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What is a general ledger account?

Definition of General Ledger Account
A general ledger account is an account or record used to sort, store and summarize a company's transactions. These accounts are arranged in the general ledger (and in the chart of accounts) with the balance sheet accounts appearing first followed by the income statement accounts.

Examples of General Ledger Accounts
Some of the more common balance sheet accounts and how they are further arranged in the general ledger include:

  • asset accounts such as Cash, Accounts Receivable, Inventory, Investments, Land, and Equipment
  • liability accounts including Notes Payable, Accounts Payable, Accrued Expenses Payable, and Customer Deposits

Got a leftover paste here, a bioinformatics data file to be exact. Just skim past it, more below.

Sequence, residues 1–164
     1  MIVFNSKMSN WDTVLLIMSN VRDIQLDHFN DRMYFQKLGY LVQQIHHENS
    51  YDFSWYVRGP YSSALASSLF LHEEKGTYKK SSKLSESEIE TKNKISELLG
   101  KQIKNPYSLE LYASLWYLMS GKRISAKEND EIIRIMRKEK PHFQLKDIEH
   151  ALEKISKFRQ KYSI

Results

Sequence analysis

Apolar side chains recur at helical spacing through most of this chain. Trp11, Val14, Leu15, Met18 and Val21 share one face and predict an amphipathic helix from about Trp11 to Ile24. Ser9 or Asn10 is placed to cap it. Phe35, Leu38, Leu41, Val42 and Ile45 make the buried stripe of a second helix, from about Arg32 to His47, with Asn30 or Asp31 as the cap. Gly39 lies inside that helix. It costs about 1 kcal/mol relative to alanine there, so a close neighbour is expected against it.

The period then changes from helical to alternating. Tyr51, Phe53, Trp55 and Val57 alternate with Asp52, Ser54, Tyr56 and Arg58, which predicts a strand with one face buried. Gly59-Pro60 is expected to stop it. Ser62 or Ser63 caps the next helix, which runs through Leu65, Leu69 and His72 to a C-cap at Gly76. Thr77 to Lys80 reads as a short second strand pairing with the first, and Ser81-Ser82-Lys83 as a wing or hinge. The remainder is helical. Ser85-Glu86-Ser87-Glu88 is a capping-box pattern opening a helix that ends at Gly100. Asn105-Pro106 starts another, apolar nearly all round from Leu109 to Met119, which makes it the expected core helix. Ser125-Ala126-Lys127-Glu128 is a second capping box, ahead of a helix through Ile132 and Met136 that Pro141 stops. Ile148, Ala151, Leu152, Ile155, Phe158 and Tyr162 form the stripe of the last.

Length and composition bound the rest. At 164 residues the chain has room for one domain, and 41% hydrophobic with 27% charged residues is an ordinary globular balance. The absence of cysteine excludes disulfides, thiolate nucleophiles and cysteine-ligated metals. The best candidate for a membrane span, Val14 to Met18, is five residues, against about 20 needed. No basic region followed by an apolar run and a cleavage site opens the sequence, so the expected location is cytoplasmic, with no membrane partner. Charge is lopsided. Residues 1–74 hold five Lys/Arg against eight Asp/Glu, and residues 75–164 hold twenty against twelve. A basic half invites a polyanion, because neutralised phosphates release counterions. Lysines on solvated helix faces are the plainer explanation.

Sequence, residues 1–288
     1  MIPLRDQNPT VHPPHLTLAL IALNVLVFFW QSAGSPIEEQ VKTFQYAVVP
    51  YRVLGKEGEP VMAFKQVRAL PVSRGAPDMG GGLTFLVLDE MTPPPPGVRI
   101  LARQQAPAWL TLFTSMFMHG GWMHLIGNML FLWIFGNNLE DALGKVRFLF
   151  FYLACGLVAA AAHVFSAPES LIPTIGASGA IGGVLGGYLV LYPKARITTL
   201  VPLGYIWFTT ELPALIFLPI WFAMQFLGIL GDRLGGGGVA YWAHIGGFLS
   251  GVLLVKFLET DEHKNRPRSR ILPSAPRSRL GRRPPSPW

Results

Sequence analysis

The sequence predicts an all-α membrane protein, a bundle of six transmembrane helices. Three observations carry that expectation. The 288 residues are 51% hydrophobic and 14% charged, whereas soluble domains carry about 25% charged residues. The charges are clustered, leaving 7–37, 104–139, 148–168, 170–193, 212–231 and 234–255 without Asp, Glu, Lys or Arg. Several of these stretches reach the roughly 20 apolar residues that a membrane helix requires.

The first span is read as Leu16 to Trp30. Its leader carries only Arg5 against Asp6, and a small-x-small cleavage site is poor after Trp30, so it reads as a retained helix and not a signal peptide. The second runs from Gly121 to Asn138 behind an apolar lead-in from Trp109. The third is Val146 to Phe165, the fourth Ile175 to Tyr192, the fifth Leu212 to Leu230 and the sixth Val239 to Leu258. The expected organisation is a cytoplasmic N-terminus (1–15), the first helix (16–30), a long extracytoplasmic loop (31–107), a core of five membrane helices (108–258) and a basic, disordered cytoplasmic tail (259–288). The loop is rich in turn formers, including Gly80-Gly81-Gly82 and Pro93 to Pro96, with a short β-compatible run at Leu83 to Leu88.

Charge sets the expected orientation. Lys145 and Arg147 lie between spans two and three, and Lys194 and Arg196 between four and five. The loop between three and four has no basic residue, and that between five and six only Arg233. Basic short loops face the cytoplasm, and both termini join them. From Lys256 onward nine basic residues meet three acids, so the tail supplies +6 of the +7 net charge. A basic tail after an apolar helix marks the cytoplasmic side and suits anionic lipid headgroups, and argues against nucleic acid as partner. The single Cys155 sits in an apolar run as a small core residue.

• stockholders' equity accounts such as Common Stock, Retained Earnings, Treasury Stock, and Accumulated Other Comprehensive Income

Some of the general ledger income statement accounts and how they are arranged include:

  • operating revenue accounts such as Sales and Service Fee Revenues
  • operating expense accounts including Salaries Expense, Rent Expense, and Advertising Expense
  • nonoperating or other income accounts such as Gain on Sale of Assets, Interest Expense, and Loss on Disposal of Assets

General Ledger Control Accounts
Some general ledger accounts can become summary records and will be referred to as control accounts. In that situation all of the detail that supports the summary amounts in one of the control accounts will be available in a subsidiary ledger.

Examples of General Ledger Control Accounts
A common example of a general ledger account that can become a control account is Accounts Receivable. The summary amounts are found in the Accounts Receivable control account and the details for each customer's credit activity will be contained in the Accounts Receivable subsidiary ledger.

Other general ledger accounts that may become control accounts include Inventory, Equipment, and Accounts Payable.